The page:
An Opinion Is an Opinion, But an Opinion with a Threat Is a Threatening Opinion, and Threatening Opinions Are Unlawful Under the National Labor Relations Act
Labor & Employment Insights
by John W. Hargrove and Anne R. Yuengert
6d ago
A National Labor Relations Board administrative law judge in San Francisco recently ruled that Amazon CEO Andy Jassy violated the National Labor Relations Act when he commented on labor unions through several media outlets. As a result of Mr. Jassy’s violations, the judge entered an order requiring Amazon to post a nationwide notice stating that Amazon was in violation of the Act. The Amazon.com Services LLC decision involved the historical distinction between company management stating opinions as related to union activity, which is legal under the Act, and management making threats about suc ..read more
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Get with the Pronoun: Eleventh Circuit Rules Pervasive Misgendering Is Harassment
Labor & Employment Insights
by Christina M. Seanor and Anne R. Yuengert
1w ago
If an employer or coworker persistently uses a transgender worker’s wrong name or identified pronoun, can that constitute a hostile work environment in violation of Title VII? In Copeland v. Georgia Department of Corrections, the Eleventh Circuit Court of Appeals said it could, vacating and remanding a trial court’s grant of summary judgment on a transgender worker’s Title VII hostile work environment claim.  Since the Supreme Court’s decision in Bostock v. Clayton County, the law is clear that Title VII protects transgender employees from discrimination on the basis of sex. But Copeland ..read more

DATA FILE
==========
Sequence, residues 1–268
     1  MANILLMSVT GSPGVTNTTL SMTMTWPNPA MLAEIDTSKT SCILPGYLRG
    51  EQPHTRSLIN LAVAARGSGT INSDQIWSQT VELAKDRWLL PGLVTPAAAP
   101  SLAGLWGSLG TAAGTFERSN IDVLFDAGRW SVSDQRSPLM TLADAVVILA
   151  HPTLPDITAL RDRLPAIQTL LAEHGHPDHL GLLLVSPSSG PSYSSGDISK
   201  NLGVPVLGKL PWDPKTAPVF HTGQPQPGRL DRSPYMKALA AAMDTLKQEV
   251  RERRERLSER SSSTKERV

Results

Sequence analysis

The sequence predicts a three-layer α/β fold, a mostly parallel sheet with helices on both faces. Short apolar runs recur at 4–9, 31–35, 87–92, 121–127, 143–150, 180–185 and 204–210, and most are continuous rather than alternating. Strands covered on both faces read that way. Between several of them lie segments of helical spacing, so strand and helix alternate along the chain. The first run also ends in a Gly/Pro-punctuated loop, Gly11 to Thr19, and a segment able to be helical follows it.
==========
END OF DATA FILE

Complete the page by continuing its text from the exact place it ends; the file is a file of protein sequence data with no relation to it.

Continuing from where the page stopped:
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No More Adjectives… Just Some Harm: Supreme Rules on Title VII Job Transfer Threshold
Labor & Employment Insights
by Keith S. Anderson and Anne R. Yuengert
2w ago
If you transfer an employee to a job with no loss in pay or title but the employee thinks it is less desirable, can that employee sue you for discrimination under Title VII? While it depends on the facts, in Muldrow v. St. Louis, the U.S. Supreme Court held that an employee challenging a job transfer must show only some harm, not significant harm, not material disadvantage, and not any other adjective beyond some harm. The ruling is likely to result in increased Title VII cases for job transfers where the employee believes the new position is disadvantageous.  Background We previously blo ..read more
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Noncompetes Gone! FTC Issues Final Rule Banning Noncompete Clauses Nationwide
Labor & Employment Insights
by J. William Manuel and Anne R. Yuengert
3w ago